I personally tried numerous times to make a pick-up reservation, starting at about 12:30 am, but the website simply could not complete the transaction.  I tried doing it with my iPad.  I tried with my PC and Internet Explorer, Chrome, and Firefox.  I tried with my iMac and Safari 5.  Nothing worked. 

I finally gave up and went to bed.  In the morning, I jumped out of bed and tried again.  No joy.   So I showered and got dressed and tried once again before leaving for work, but the only difference was that some of the error messages were different. 

Once I was at work, I started trying periodically to see if anything had changed, and finally at about 1:30pm I was able to complete the transaction for my reservation.

At least… I think I did.  Complete it, that is.  More on this uncertainty a bit later.

From what I’ve heard from others, it was late in the afternoon before the website started to work somewhat more properly.

There was something going around about a hacker attack on the AT&T website contributing to all the problems.  That may indeed have been a factor, but I don’t think it would have been such a big issue if the design of the system were more robust.  I haven’t heard any sort of official statement about the cause of the problem, but it’s not hard to spot several potential trouble spots with the design of the web pages and pre-order system.

How It Was Supposed To Work

First let’s go over the steps that were SUPPOSED to happen, then we can come back and look at what went wrong.

  • Step 1 — the user selects “Pre-Order” from the top right corner of the website’s “iPhone” landing page.
  • Step 2 — The user is presented with a screen where they specify more precisely which model they want.  For the moment, the choices are the 8gb 3GS, or else 16gb or 32gb, black iPhone 4.  The promised white model iPhone 4 is not yet available.  This step also shows you the ship date.  It originally said June 24, launch date, but as of now it’s saying July 14, so apparently Apple has already exhausted their initial stock.
  • Step 3 — The next step is for the user to specify their AT&T account status.  You tell them if you’re a new customer or an existing one, and also if you’re upgrading an existing phone or adding a line.
  • Step 4 — If you’re upgrading an existing phone, this step requires you to enter your mobile phone number, zip code, and last 4 digits of your SSN.  This information is used to determine your current phone plan and upgrade eligibility.
  • Step 5 — Now you get to see which price they’re asking for the model selected.  The price depends on your upgrade status and model.  Press CONTINUE again to get to the next step.
  • Step 6 — If you’re making a pick-up reservation, then you’ll see a list of your three closest Apple stores.  You can select one from the list, or enter a zip code to look up other choices.  Once you have the right store selected, you click “Continue” and…
  • Step 7 — This is the last page.  It tells you that you can go to the store any time after it opens on the 24th to pick up your new phone, and that you’ll need to bring your ID.

What Really Happened, And How It Might Have Been Avoided

So what really happened and why was it such a disaster?  Well, since I tried and and had it fail on me something like 40 times before it finally worked, I have some ideas on that subject.

I’m going to discuss the process of making a reservation to pickup the phone in-store.  Undoubtedly making a pre-order to have a phone shipped to you is somewhat different, although there is probably some overlap in the earlier steps of the process.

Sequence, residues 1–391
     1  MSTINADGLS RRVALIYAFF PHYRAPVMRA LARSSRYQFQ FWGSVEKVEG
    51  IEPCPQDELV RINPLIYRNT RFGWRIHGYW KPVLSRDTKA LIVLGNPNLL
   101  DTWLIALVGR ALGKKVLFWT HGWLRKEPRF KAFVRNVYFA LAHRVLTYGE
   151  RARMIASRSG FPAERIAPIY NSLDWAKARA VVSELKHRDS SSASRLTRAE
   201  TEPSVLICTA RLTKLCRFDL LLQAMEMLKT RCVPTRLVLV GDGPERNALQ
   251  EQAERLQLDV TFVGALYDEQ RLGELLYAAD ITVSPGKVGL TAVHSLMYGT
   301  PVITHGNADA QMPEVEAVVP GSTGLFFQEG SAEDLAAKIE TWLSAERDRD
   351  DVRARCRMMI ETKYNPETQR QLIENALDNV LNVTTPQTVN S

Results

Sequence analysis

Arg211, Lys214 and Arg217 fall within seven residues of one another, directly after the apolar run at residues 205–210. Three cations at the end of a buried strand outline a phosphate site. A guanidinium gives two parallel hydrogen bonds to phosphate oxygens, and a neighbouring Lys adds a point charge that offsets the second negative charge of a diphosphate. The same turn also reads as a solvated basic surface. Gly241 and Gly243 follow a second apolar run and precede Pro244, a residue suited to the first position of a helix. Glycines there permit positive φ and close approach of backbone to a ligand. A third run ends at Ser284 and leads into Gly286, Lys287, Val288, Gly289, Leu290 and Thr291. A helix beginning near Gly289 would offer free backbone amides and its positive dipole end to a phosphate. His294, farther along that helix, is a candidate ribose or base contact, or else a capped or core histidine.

Steps 1-3 are more or less simple web pages without any significant processing going on.  The first big weak point with the whole setup happens at step 4, where Apple’s website has to send the data they’ve collected to AT&T’s server in order to retrieve your account status.  The issue here is that if AT&T’s server is slow to respond or fails altogether, then Apple’s website is unable to proceed.

This failure to get a timely response from the AT&T server is the primary cause of the whole problem, but it wouldn’t have been so bad if Apple had made a better attempt to recover from the error, rather than simply throwing up an “Opps, We’re sorry” message.  As the site’s currently designed, the problem essentially feeds on itself and makes itself worse and worse, like a snowball rolling downhill. 

Here’s the problem: as soon as errors start to occur, people go back to the beginning and start the whole thing over again, at least a few times.  This just makes the server load worse at a point where it’s already throwing errors.   And that means more failures, and more failures mean more and more people starting over and failing again, then starting over and failing again, etc. 

One preventative measure that could have helped to avoid these cascading failures would have been to cache the response from the AT&T server in step 4.  This could have been done very easily by placing a cookie on the user’s system, or by using server session variables.  Sure, there are some legal concerns here, and it may have required a paragraph or two of fine print, but I doubt most people wanting to pre-order the new iPhone would be too concerned about Apple and AT&T sharing information.  Most of those people probably expect that information is shared in the first place.

Also consider that better use of Ajax in these pages might have meant the information could be saved temporarily without the need for either cookies or server session variables, avoiding the legal concern altogether.

It’s less clear if Apple’s site had to contact AT&T’s servers again for later steps in the overall process, but if so, then the same ideas apply to those steps as well. Caching the responses from AT&T wouldn’t matter when everything is working fine, but in a failure situation it would help reduce the overall load on the server, and that could have made all the difference in the world.